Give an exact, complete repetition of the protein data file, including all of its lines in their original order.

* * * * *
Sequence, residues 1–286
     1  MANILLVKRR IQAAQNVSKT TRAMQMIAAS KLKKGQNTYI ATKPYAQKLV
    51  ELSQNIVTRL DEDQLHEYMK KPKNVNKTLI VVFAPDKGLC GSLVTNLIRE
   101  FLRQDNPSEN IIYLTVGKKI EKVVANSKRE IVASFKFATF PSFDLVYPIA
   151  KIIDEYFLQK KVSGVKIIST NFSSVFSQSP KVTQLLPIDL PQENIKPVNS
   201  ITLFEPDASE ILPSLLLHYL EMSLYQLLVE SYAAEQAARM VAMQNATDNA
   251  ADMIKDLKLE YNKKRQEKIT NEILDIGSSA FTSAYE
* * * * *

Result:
Sequence, residues 1–286
     1  MANILLVKRR IQAAQNVSKT TRAMQMIAAS KLKKGQNTYI ATKPYAQKLV
    51  ELSQNIVTRL DEDQLHEYMK KPKNVNKTLI VVFAPDKGLC GSLVTNLIRE
   101  FLRQDNPSEN IIYLTVGKKI EKVVANSKRE IVASFKFATF PSFDLVYPIA
   151  KIIDEYFLQK KVSGVKIIST NFSSVFSQSP KVTQLLPIDL PQENIKPVNS
   201  ITLFEPDASE ILPSLLLHYL EMSLYQLLVE SYAAEQAARM VAMQNATDNA
   251  ADMIKDLKLE YNKKRQEKIT NEILDIGSSA FTSAYE